Left:'Angry': Christopher Keogh holds the picture of his brother, John, who killed himself after being falsely accused of sexual assault
A man who was falsely accused of sexual assault hanged himself after police failed to tell him they had dropped the case, an inquest heard.
John Keogh, 23, was ‘very upset and angry’ after a hospital patient claimed he had indecently assaulted her.
An investigation was launched but police decided to drop the case and withdraw all charges after interviewing him.
However, officers did not plan to tell Mr Keogh – who was diagnosed with paranoid schizophrenia when he was 18 - until four days later – by which time, he had hanged himself with a pair of shoelaces.
His family believe he would not have killed himself if police had told him that he was no longer a suspect.
At a jury inquest held in Trowbridge, Wiltshire, which returned a narrative verdict, the delay was described as a ‘contributing factor’ to Mr Keogh’s death.
The chair juror said: ‘He took his life by hanging, however, we feel that a failure to recognise the risk of this happening to him, particularly subsequent to the police interview may have been a contributing factor.’
Speaking after the inquest, Mr Keogh’s brother, Christopher, 34, from Trowbridge, slammed police as ‘negligent’.
He said: ‘There was a lot of crying down the phone about what had been allegedly done. He was crying that he didn't do anything. He was very angry.
‘There should have been more communication between the police and mental health partnership.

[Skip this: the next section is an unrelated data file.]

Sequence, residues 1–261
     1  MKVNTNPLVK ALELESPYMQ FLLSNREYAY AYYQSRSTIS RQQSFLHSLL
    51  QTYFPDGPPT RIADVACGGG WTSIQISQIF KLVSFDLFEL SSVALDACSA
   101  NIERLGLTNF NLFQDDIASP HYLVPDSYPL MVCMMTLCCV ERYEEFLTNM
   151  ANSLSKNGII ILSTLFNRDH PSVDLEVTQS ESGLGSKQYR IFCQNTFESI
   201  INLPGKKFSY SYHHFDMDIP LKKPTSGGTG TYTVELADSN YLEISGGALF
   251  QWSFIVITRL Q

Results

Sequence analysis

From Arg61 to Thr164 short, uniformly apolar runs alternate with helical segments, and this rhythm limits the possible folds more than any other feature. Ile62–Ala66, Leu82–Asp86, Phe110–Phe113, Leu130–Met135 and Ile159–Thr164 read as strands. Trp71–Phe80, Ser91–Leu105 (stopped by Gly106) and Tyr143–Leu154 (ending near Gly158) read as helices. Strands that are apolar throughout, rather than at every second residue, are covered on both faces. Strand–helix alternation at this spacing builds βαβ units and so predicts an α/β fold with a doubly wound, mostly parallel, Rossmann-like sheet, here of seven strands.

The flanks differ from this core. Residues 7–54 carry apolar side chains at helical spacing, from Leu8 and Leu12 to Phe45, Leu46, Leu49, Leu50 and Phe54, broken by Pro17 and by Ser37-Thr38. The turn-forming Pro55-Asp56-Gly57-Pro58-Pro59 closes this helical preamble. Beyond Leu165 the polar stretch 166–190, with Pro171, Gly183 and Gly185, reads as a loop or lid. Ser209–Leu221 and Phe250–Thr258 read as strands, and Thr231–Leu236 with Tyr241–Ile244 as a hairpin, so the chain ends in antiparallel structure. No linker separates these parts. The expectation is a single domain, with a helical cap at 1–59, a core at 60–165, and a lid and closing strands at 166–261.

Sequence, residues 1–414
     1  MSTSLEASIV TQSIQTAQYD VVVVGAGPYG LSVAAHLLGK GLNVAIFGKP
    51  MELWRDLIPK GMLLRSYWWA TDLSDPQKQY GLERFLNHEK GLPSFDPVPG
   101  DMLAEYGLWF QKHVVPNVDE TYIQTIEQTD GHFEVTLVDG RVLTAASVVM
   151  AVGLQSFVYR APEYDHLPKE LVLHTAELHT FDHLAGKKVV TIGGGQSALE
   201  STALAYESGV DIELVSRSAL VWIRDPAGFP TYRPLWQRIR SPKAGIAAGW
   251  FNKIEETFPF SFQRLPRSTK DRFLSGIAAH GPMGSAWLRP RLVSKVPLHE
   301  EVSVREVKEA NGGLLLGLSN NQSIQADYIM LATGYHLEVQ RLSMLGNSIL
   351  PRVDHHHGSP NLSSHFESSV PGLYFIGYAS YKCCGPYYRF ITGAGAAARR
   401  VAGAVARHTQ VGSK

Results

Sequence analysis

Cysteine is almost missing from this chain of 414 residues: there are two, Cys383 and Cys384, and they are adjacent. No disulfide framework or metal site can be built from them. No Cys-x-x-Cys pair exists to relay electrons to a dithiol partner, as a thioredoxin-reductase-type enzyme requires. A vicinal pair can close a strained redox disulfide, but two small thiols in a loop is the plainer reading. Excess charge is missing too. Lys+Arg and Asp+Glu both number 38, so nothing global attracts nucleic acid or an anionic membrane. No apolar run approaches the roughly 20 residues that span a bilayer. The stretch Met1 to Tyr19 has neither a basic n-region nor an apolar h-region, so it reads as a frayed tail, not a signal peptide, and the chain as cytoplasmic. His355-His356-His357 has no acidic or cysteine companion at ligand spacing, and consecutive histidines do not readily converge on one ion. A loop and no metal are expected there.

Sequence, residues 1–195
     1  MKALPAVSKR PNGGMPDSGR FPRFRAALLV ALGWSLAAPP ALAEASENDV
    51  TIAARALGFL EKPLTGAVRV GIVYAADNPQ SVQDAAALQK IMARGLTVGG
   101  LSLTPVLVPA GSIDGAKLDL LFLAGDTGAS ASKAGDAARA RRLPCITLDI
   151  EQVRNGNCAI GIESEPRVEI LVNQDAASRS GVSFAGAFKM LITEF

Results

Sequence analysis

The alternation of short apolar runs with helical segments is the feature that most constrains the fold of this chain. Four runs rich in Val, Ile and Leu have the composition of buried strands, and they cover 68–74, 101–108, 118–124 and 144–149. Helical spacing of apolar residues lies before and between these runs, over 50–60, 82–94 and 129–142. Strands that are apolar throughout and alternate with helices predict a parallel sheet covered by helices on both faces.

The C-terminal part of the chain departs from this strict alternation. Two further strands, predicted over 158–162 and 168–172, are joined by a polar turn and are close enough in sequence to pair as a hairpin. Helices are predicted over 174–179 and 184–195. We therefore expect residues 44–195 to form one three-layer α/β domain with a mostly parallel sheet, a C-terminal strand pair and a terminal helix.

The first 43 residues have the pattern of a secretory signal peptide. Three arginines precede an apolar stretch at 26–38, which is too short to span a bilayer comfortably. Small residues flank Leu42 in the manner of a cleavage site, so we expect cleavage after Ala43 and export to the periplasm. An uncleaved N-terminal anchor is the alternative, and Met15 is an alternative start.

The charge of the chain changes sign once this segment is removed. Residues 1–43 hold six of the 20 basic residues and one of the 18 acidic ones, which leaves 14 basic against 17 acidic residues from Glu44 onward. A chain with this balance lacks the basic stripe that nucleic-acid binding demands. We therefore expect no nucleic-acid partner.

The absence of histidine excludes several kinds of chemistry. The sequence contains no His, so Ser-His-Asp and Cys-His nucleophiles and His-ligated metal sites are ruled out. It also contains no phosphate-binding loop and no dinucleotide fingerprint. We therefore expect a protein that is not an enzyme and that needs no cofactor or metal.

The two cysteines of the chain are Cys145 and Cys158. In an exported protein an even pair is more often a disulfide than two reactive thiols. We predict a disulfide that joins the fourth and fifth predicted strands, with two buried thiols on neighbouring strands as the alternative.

‘The system just failed him. They were negligent. If John had been told the allegations had been dropped I don't think we would be here today.
‘I feel there was a total lack of communication. I hope some recommendations come along so that this type of thing doesn't happen again.’
Mr Keogh, who had ambitions to become a landscape gardener, lived alone in a flat in Trowbridge.
However, he was moved to Fountain Way Mental Health Hospital in Salisbury, in June 2008 after being accused of sexually assaulting a female patient at Green Lane Hospital in Devizes.
Wiltshire Police interviewed Mr Keogh on July 1, 2009 and decided to drop the case against him on July 4.
Officers immediately informed the complainant but did not plan to tell Mr Keogh until July 7.
However, he was found hanged at 3.40am on July 7, in the bathroom of his bedroom at the hospital.
Former Wiltshire Police investigator Christopher Bazire, who dealt with the case, told the inquest he would have informed Mr Keogh sooner had he known about the extent of his fragile mental state.
He said: ‘I wanted to spend some time talking to him and telling him what had happened. It felt right and proper that he should be given the results back on the ward.’
Mr Keogh’s mother Margaret Keogh, 56, from Trowbridge, was too upset to attend the inquest but believes her son would ‘still be alive’ if police had told him sooner.
She said: ‘I feel really angry that they have failed my son. I knew when he called me the night before he died, when he kept saying “goodbye, mum”, I knew that was it.
‘I 100 per cent believe if he was told the allegations had been dropped on the Friday there would not have been an inquest.
‘He may still be ill but he would be alive.’
Wiltshire Coroner David Ridley told the inquest he will be writing a report criticising the lack of communication between police and hospital workers.
A spokesman for Avon and Wiltshire Mental Health Partnership said they will ‘consider and reflect’ upon his concerns.
He said: ‘While disappointed at the inquest's findings, we will reflect upon the coroner's letter on receipt and will respond to him accordingly.
‘We will continue to support John's mother. We offer his family and friends our sincere condolences.’
Under the Code of Practice for Victims of Crime, victims have the right to be told when a case is dropped but there is no such legislation for informing suspects.
Detective Superintendent Sarah Bodell, head of Wiltshire Police's public protection department, pledged to review this system.
She said: ‘We recognise that there is no national policy about informing suspects but there is for keeping victims up to date. This is something we have already chosen to review.’